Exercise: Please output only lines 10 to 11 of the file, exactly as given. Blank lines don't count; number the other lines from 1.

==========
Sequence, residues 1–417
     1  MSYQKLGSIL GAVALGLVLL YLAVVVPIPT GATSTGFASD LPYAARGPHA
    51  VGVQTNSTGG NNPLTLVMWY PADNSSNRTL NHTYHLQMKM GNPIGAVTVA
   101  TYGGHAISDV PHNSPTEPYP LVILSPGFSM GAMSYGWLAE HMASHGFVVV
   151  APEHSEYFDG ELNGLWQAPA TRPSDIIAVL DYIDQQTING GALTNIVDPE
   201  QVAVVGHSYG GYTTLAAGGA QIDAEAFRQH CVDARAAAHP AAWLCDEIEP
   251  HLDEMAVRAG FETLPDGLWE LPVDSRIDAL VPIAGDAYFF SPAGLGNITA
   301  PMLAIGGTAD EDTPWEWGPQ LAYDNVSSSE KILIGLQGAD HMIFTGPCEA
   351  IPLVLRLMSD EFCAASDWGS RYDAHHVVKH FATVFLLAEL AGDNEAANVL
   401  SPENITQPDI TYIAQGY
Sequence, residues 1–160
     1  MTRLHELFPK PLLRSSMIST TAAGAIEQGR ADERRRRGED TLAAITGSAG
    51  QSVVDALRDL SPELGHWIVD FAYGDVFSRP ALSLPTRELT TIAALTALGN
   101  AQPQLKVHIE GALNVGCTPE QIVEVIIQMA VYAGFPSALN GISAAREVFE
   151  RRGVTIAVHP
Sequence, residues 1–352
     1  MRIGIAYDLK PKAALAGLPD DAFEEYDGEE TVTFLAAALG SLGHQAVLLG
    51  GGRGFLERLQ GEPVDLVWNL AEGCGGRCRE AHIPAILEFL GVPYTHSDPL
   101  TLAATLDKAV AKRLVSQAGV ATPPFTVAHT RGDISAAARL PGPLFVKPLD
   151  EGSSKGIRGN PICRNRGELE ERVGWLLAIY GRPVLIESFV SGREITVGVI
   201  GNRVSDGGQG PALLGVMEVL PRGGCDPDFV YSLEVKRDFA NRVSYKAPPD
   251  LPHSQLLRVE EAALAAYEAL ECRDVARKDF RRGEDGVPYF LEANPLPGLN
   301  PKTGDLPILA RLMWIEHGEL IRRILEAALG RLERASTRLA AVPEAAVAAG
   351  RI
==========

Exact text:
   401  SPENITQPDI TYIAQGY
Sequence, residues 1–160